How the heck do I cook a headdress?!
Friday, January 28, 2011
So like my husband and I started having a CSA (community supported agriculture) box delivered after a nice young man came by our house selling subscriptions to it. At first, it seemed I'd never get through all the produce in it -- some of it I didn't even recognize (Oh, so THAT'S a bok choy!) But over time it's widened my horizons and inspired me to try new things.
My husband was questioning the financial viability of the box ($25 a month for a fairly small box, but all organic and local) especially since every month, some of the less-familiar stuff would turn to slime in the depths of the fridge. He was advocating stopping the delivery, but I really liked the idea of supporting my local farmers, plus eating seasonally, so I decided to make a goal of using each and every item. Some were easy (absolutely GORGEOUS little fingerling potatoes, pretty little yams, bright orange carrots, lettuce, oranges, apples, lemons) But then there was this giant head of purplish-green cabbage. And bok choy. And kale. Every month, a huge, really beautiful Vegas-showgirl-headdress of kale. How the heck do I cook a headdress?!
First of all I learned the best way to store these veggies before I used them. Don't wash 'em until you're going to use 'em, cut the tops off the carrots (or the tops'll suck the moisture out of 'em), set the lettuce root-end-first into a small bowl of water...plus my husband's surprisingly-effective trick: put any item into a plastic supermarket bag and wrap up. We don't know why this works, but vegetables and fruit stored this way just stay good longer! We think it's 'cause there's ALWAYS a hole or two in the bottom of those bags, so the rot-producing gases can escape? Who knows (and I was skeptical at first) but it works!!!
Once I'd got 'em all stabilized, I looked online for recipes. I specifically looked for recipes that were easy; I'm an OK cook but not too experienced and I didn't want to psych myself out. First of all, the kale. Not only was it the thing I was least experienced with, it also took up A LOT of space in my fridge -- you try storing a headdress in YOUR fridge! So I went online and googled "easy kale recipe"; this is an amalgam of a bunch of 'em, customized to use what I had in my kitchen and to suit my tastes.
Wash kale and remove central stem; dry thoroughly with kitchen towels, or better yet, a salad spinner. (I think it's easiest to dump all the leaves in the sink and fill it with water, letting the leaves float while I rip out the stems. Kale can be pretty dirty, and if you let it float, it loosens the dirt that'll just sink to the bottom.)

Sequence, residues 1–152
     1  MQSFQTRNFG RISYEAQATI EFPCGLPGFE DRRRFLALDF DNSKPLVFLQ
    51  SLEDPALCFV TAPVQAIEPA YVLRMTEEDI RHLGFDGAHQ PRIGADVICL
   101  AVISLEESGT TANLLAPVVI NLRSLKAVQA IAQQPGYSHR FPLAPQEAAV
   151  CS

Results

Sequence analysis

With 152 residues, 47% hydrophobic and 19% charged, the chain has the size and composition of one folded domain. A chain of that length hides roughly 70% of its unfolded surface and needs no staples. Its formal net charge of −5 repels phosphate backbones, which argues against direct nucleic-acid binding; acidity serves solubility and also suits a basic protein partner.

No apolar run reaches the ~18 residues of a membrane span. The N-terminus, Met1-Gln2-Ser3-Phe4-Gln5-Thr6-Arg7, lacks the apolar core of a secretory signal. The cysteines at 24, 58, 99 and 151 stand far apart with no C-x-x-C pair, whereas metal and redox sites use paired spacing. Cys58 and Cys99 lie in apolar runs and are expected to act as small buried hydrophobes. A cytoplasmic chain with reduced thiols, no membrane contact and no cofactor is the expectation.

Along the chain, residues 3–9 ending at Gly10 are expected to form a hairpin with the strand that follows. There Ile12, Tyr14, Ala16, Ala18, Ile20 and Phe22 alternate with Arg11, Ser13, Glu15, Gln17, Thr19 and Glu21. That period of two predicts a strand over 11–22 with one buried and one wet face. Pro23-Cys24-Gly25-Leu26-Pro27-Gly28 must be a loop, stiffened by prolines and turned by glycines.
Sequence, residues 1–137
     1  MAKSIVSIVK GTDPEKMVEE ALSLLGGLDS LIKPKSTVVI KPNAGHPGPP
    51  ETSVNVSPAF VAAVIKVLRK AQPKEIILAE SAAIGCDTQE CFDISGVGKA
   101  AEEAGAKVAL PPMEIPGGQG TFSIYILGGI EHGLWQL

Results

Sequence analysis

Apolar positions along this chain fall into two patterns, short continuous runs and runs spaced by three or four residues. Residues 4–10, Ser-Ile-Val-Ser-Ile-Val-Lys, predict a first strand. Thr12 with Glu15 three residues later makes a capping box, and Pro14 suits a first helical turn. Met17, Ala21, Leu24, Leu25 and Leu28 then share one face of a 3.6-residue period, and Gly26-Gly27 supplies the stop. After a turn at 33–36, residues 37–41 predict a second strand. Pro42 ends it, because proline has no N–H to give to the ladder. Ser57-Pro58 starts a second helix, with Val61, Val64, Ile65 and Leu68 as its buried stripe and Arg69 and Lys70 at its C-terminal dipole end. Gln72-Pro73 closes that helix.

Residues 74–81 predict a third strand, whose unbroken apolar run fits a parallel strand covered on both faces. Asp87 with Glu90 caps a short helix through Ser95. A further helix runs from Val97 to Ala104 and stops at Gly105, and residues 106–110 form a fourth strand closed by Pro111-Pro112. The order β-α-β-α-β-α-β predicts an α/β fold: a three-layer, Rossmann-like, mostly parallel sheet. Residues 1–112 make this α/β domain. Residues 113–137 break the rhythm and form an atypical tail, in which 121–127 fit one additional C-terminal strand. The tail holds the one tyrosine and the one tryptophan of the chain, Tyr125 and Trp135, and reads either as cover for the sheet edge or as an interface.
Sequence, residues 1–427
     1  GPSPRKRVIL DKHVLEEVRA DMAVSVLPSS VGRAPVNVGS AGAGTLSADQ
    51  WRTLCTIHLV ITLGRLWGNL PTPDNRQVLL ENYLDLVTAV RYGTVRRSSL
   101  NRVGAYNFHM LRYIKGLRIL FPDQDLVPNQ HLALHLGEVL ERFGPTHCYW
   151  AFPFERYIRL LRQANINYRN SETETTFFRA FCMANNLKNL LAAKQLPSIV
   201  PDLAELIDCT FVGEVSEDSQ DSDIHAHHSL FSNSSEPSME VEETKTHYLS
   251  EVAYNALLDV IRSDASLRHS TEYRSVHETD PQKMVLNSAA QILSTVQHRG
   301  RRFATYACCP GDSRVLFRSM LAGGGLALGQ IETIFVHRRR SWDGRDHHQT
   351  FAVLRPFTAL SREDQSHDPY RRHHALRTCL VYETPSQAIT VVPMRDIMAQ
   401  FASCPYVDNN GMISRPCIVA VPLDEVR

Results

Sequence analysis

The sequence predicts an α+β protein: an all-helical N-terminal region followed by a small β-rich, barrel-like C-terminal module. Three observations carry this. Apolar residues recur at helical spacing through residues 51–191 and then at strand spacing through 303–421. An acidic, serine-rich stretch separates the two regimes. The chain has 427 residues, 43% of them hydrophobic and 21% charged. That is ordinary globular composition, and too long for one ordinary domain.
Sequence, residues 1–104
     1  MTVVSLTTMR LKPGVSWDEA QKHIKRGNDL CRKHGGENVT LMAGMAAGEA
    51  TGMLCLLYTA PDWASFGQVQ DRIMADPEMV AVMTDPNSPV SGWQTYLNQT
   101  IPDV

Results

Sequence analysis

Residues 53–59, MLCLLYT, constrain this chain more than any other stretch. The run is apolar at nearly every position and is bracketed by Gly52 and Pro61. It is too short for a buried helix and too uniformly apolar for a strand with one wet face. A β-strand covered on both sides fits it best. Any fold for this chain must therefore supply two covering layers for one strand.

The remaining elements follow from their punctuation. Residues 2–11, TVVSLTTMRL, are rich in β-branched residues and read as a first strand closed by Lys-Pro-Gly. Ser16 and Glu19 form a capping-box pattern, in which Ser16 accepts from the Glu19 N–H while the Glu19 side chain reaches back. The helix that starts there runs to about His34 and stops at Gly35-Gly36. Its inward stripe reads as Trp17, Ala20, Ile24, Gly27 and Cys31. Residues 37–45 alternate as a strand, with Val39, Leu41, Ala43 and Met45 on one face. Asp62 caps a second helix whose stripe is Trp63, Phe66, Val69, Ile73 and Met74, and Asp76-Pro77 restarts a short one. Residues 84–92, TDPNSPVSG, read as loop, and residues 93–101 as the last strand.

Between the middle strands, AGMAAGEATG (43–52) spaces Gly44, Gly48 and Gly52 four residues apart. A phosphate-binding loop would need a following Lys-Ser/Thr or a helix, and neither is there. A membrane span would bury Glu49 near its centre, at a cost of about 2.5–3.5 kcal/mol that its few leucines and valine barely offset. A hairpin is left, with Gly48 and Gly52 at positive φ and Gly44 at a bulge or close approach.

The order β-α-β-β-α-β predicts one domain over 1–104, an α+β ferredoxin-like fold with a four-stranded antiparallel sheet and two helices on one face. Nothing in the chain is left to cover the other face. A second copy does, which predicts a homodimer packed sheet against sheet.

Rip up kale into manageable pieces -- they don't need to be too small.
Put 2 tsp olive oil in a large, nonstick saucepan with a lid.
Chop up one clove of garlic.
Get out a couple teaspoons of balsamic vinegar and like a teaspoon of kosher salt.
Heat up the oil on medium-high heat til the oil runs like water when you tip the pan.
Put the ripped-up kale in the pan all at once and start moving it around with tongs. (I described this to my husband as "move it around like you're looking for something in it.") It will start to wilt pretty quick and take up less space.
Once it's pretty darn wilted, add in the garlic and salt and keep tossing for like another 30 secs. I don't put the garlic in right up front 'cause I find it gets overcooked and bitter in the hot oil .
Lower the heat to low, cover, and cook for like 6-10 more minutes, depending on how soft you like your greens, and how tough the greens are (different varieties are quicker cooking than others), poking at it a bit once in a while.
That's it -- it'll look like spinach, but if you don't like cooked spinach, never fear, cooked kale isn't slimy and I think has a better flavor. The balsamic vinegar is key here -- kale can be slightly bitter and the sweetness of the balsamic cuts and complements that. You don't use much, so get the best you can afford; it'll keep forever.
MIRACLE! It was really good! AND, miracle of miracles, my husband, who is of the opinion that the only good vegetable is a potato, or maybe corn, ACTUALLY LIKED IT!!! I mean, liked it enough to ask me to cook it again!!!
And now that I've got it down, join us next week to see what I do with the giant, mysterious, purpley-green head of cabbage currently staring malevolently at me from the rotter -- er, crisper.